There are many benefits to working from home, but if it’s an arrangement that you are not used to, there are some aspects of this lifestyle that can be complicated. For example, while you may know that working from home makes you eligible for certain tax deductions, it can be difficult to know exactly which ones apply to you.
At Geneva CPA Corp, we can help you navigate your employment expenses and sort out which ones may be subject to tax deductions. Here is an overview of the most important considerations you should have when determining the effect that working from home has on your tax bottom line.
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Are You Eligible for Work From Home Tax Deductions?
Before you start evaluating which deductions you would like to apply for, it is important to first determine whether or not your work-from-home space truly makes you eligible for these considerations. According to the Canada Revenue Agency, in order to be eligible for tax deductions, you have to satisfy certain requirements, such as:
- Employees must be contractually responsible for expenses not covered or reimbursed by their employer
- Both the employer and employee must complete a T2200, Declarations of Conditions of Employment form
- The employee’s workspace should be the place where at least 50% of the employee’s work is done
- The employee’s space must be exclusively used to earn employment basis and on a regular and ongoing basis for meeting customers or other clients in the course of performing employment duties (the CRA has said to date that teleconferences such as Zoom meetings do not count — though this may be subject to change given the current context)
Things You Can Deduct
Please note that while these listed items may be theoretically deducted, your personal deductions will depend on your unique situation. Your accountant can help you understand which deductions are the most applicable to you.
- Heat and electricity bills
- Light bulbs and other maintenance costs
- A portion of your rent
- Certain cleaning materials
Things You Can’t Deduct
The CRA has set out certain expenses that cannot be deducted by employees who work from home. These include:
- Mortgage interest and capital cost allowance
- Office desks and chairs
This last exclusion may come as a surprise to many — and the reason behind this is complicated. It’s not that office furniture isn’t deductible, it’s just that there must be contractual proof that the employee is responsible for these expenses, and that these expenses are crucial to an employee doing their job. This often means that an employer must have signed a T2200 Declarations of Conditions of Employment form, which some employers may be hesitant to do due to administrative costs among other considerations.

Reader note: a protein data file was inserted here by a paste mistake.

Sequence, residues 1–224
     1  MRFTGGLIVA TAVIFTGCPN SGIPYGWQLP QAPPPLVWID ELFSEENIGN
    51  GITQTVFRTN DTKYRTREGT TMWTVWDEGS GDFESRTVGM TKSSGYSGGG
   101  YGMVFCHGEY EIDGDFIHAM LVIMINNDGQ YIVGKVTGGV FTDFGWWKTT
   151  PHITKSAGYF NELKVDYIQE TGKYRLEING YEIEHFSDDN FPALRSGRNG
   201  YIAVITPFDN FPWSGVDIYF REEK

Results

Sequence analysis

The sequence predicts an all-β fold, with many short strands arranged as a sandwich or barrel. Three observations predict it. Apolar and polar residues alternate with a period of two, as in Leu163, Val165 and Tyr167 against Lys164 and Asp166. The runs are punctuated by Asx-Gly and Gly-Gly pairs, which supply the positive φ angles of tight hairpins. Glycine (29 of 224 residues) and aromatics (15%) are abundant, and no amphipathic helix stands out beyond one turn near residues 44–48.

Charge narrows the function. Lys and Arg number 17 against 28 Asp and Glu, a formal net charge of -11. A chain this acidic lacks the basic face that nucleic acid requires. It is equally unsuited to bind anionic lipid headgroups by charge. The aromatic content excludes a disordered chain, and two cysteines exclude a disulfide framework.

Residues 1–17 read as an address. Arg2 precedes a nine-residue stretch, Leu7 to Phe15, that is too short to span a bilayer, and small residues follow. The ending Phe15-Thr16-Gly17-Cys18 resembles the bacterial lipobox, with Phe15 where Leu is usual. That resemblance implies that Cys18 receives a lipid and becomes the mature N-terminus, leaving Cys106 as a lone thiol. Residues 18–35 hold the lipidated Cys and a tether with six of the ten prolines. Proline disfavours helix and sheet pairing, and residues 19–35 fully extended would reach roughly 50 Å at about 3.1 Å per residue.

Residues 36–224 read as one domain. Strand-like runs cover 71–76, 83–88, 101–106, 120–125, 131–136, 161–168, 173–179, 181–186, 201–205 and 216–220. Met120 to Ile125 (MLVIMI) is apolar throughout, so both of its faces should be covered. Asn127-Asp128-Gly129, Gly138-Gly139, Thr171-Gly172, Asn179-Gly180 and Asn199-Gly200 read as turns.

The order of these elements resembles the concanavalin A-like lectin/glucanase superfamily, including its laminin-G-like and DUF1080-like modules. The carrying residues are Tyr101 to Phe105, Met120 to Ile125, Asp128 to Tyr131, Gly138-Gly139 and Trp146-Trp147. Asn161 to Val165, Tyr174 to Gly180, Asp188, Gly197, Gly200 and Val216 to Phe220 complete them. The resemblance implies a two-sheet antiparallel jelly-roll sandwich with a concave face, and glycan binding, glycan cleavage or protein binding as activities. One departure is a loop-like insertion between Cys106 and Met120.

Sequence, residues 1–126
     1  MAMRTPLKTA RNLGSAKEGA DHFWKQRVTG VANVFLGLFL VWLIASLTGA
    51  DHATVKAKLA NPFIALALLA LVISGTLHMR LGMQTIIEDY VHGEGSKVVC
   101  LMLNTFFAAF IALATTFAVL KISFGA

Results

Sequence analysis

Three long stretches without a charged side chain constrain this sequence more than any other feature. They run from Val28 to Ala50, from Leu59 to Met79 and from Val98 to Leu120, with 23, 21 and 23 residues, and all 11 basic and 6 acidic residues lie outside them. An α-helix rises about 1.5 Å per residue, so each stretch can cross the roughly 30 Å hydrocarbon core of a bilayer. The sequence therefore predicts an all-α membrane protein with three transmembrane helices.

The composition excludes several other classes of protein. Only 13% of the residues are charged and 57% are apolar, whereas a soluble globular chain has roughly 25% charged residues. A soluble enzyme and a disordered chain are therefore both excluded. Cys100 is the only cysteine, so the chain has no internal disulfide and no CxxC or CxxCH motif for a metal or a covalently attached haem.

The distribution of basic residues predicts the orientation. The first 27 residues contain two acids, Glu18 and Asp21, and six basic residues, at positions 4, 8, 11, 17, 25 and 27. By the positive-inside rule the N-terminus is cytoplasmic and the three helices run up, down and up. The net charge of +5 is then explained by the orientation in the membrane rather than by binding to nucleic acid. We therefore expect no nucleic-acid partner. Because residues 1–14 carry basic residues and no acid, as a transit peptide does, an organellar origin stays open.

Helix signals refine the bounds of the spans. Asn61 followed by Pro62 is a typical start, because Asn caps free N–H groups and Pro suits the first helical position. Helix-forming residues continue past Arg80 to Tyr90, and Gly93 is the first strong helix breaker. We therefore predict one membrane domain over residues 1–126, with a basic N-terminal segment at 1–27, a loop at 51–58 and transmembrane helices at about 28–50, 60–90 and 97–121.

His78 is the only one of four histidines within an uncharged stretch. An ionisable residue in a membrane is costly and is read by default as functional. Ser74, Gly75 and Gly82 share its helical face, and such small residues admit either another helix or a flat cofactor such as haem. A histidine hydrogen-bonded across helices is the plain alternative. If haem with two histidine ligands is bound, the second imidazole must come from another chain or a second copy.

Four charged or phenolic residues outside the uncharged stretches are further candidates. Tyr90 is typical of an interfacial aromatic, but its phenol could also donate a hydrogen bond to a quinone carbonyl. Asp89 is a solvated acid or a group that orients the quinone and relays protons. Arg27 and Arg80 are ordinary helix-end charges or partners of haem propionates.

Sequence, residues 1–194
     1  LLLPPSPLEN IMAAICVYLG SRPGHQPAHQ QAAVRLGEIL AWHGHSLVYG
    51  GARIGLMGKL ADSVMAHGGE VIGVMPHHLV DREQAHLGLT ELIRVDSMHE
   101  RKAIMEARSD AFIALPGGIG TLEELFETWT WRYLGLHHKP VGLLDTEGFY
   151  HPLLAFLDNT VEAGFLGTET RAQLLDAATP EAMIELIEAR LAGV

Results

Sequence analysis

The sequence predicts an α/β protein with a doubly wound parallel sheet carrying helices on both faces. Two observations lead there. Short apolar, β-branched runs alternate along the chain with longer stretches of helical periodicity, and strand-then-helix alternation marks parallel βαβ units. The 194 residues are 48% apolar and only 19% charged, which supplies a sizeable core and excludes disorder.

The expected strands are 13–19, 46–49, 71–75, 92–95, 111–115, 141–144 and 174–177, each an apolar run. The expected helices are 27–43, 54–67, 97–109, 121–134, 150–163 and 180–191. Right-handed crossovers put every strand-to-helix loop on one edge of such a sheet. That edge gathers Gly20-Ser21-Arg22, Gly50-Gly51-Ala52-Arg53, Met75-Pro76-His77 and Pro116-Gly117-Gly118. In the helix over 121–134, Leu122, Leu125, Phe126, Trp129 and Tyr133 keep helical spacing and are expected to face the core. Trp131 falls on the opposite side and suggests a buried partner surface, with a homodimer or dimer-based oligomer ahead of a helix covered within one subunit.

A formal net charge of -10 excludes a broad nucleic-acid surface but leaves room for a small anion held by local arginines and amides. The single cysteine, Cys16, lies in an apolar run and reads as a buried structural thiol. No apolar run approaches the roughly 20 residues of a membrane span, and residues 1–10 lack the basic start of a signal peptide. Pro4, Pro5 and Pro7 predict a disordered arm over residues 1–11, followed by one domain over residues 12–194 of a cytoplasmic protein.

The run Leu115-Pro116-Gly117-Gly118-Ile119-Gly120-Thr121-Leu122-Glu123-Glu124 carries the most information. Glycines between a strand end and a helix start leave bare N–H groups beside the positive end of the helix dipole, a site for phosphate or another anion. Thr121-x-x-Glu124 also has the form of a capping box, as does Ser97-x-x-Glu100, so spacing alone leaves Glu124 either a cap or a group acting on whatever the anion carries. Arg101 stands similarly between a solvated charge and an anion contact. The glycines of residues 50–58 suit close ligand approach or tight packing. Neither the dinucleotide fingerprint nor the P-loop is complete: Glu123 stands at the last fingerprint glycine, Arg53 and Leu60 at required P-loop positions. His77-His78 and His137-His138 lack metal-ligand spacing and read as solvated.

I Work From Home Part-Time: Am I Eligible for Tax Deductions?
Yes and no. The CRA clearly sets out that your employee duties must be orchestrated from home for more than half of the time. While this could be interpreted as meaning you do not necessarily have to be a full-time employee, you need to at least spend the majority of your time working from home.
Important Note Regarding the COVID-19 Pandemic
It is important to note that if you are working from home exclusively as a result of the COVID-19 pandemic, you may not necessarily meet the requirements to qualify for the aforementioned tax deductions. The reason for this is that it is not currently clear whether or not your work-from-home space must be permanent, which would mean that the temporary context of the COVID-19 pandemic may not be enough to qualify many workers. At the current time, Canadian accountants are waiting on direction from the CRA in order to best advise their clients.
Of course, the thousands of Canadians who have been forced into a work-from-home situation are anxious to discover whether or not the expenses they have incurred can be eligible for government tax deductions. This is especially true for individuals who were not at all prepared to work from home and had to invest in a brand new office space.
As we await direction from the CRA, it is advisable to keep clear records of any work-related expense that you have incurred since the start of 2020. This way, if the time comes that the CRA announces new guidelines for tax deductions in this exceptional year, you will be prepared. Please contact us if you need to apply or any question about the new coming tax question, Genesa CPA is here to help!